How Kids Can Lose 10 Pounds of Belly Fat

The best method of weight loss for a child really depends on his age. Children under the age of 7 generally shouldn’t have their calories restricted below their recommended daily allowance. The most appropriate approach for this age range is weight management, where calories are kept within a healthy range so the child’s height can eventually catch up to his weight. It isn’t until a child gets older that actual weight-loss techniques can be used to help him lose the excess pounds.
Talk to your family physician before making any changes to your child’s diet or level of activity. Your doctor has better insight into what techniques you should use to help your child reach the appropriate weight and body mass index for her age and height.
Determine the amount of calories your child needs to maintain her current weight. Since you’re using weight management to help your child lose her belly fat, you need to keep her caloric intake within the dietary recommendation for her sex and age. According to the American Heart Association, girls between the ages of 4 and 6 require an average of 1,200 calories, and boys of the same ages require an average of 1,400 calories each day. Children between the ages of 2 to 3 require 1,000 calories, and 1-year-olds need around 900 calories, regardless of their sex.
Start planning meals that are rich in fruits, vegetables, whole grains and low-fat dairy while limiting high-fat meats and convenience foods, like meal helpers, frozen meals and prepackaged sides. To successfully manage your child’s weight, the whole family needs to change their dietary habits. Turn to fresh fruits and vegetables. Buy whole-grain pastas, breads and cereals that are low in sugar. Stick to lean cuts of meat, such as fish, poultry and beefs that are “round” or “tenderloin” to lower fat intake.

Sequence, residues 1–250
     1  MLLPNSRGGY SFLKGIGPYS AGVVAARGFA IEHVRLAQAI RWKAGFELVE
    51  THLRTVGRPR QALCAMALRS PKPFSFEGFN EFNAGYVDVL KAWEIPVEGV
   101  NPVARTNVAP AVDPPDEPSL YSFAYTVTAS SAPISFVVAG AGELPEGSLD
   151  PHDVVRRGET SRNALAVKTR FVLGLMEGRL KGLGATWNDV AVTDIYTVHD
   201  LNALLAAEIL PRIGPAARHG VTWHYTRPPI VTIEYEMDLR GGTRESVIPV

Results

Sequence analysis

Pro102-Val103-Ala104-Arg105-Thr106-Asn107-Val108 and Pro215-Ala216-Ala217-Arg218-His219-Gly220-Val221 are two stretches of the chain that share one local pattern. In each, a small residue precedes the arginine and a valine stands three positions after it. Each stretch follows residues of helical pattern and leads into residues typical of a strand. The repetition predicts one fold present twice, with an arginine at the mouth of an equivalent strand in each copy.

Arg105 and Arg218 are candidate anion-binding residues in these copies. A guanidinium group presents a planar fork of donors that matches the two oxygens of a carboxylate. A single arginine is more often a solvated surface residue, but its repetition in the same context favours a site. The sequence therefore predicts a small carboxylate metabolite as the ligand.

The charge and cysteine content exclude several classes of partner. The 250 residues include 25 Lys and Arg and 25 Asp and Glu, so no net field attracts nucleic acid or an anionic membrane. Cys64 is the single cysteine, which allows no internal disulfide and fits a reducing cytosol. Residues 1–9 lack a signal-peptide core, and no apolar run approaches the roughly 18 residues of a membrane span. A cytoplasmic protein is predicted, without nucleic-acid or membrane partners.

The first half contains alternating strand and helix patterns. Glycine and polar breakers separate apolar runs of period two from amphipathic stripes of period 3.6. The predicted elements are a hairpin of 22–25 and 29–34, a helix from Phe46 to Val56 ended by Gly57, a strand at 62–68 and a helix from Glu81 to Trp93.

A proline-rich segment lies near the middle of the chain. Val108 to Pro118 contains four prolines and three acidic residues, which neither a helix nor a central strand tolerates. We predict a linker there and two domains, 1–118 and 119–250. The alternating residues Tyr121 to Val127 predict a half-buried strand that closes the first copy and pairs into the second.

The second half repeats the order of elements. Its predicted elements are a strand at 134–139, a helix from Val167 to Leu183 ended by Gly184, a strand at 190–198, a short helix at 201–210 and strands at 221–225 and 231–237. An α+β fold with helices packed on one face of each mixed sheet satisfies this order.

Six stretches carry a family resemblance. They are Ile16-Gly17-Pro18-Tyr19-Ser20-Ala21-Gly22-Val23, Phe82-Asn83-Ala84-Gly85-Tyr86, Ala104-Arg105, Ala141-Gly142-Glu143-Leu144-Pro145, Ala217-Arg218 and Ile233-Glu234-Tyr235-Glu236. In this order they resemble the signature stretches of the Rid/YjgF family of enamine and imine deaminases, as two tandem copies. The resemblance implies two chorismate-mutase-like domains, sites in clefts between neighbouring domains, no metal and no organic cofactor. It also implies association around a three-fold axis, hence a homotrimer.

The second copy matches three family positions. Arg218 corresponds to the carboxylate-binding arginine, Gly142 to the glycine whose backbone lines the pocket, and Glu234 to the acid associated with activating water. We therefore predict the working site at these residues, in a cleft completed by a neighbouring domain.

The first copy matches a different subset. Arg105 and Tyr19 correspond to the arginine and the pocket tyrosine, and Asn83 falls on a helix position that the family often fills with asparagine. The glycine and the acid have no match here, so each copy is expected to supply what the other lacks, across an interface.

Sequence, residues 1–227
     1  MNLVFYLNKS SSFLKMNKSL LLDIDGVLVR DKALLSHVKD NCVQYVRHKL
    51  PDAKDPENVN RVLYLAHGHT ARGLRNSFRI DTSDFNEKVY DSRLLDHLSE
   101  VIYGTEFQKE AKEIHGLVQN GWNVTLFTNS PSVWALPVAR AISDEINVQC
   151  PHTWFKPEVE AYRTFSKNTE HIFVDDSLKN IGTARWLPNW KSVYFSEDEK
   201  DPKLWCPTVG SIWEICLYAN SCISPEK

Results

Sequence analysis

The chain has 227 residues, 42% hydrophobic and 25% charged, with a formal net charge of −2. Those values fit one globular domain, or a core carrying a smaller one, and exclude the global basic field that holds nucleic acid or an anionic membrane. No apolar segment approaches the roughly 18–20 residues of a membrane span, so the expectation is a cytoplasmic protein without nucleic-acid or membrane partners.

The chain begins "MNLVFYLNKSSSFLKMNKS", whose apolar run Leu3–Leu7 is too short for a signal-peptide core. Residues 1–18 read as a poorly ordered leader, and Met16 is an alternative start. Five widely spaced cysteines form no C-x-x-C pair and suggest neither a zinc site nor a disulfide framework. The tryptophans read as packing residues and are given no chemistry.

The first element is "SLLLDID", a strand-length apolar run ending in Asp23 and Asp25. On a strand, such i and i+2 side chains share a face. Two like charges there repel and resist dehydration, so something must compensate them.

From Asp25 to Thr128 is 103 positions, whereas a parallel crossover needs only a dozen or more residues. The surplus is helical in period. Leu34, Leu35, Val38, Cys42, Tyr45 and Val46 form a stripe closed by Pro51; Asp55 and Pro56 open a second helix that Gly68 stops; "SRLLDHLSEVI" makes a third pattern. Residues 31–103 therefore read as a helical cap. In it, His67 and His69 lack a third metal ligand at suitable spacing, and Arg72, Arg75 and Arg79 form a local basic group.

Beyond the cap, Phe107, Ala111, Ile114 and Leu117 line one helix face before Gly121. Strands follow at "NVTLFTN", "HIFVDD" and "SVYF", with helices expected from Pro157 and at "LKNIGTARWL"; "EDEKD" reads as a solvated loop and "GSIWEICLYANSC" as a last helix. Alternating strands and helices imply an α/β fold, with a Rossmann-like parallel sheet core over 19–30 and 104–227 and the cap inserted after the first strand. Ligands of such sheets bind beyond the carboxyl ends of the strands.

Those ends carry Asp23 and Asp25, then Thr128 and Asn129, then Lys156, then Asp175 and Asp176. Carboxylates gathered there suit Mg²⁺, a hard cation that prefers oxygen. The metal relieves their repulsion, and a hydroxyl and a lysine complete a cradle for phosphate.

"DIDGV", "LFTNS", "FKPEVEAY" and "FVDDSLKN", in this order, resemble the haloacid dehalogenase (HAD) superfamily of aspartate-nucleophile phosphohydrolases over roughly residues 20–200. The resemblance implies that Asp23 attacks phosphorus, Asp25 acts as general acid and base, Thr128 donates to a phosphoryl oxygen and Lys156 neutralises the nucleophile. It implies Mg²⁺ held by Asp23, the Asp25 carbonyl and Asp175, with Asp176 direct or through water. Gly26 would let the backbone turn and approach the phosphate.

Promote family meals over curbside dining. No matter how busy you and your family have become, you can still make time for family meals, which tend to be more balanced and nutritious than fast foods. Fast foods are laden with excess calories, fat, cholesterol and sodium.
Encourage water consumption over sweetened beverages, such as soda, iced tea and even fruit juice. Most of these types of beverages are fairly high in sugar, meaning high in calories.
Stock your pantry and refrigerator with plenty of healthy snacks. Have nuts, seeds, fruits, vegetables and fat-free cheese on hand. They’re by far the healthiest options for snacking between mealtimes and often contain far fewer calories than prepackaged chips, sweets and candies.
Involve the whole family in physical activities to increase your kid’s level of fitness. Take family bike rides or hiking excursions. Plan cross-country ski trips or walks around the neighborhood. Sign up your child for a competitive sport, like tennis, basketball, football or soccer. Anything that gets your child on her feet can promote a healthier lifestyle, allowing for her height to catch up to her weight.
Talk to your family physician. As with younger children, you should discuss your child’s weight-loss options with her doctor even at a more advanced age.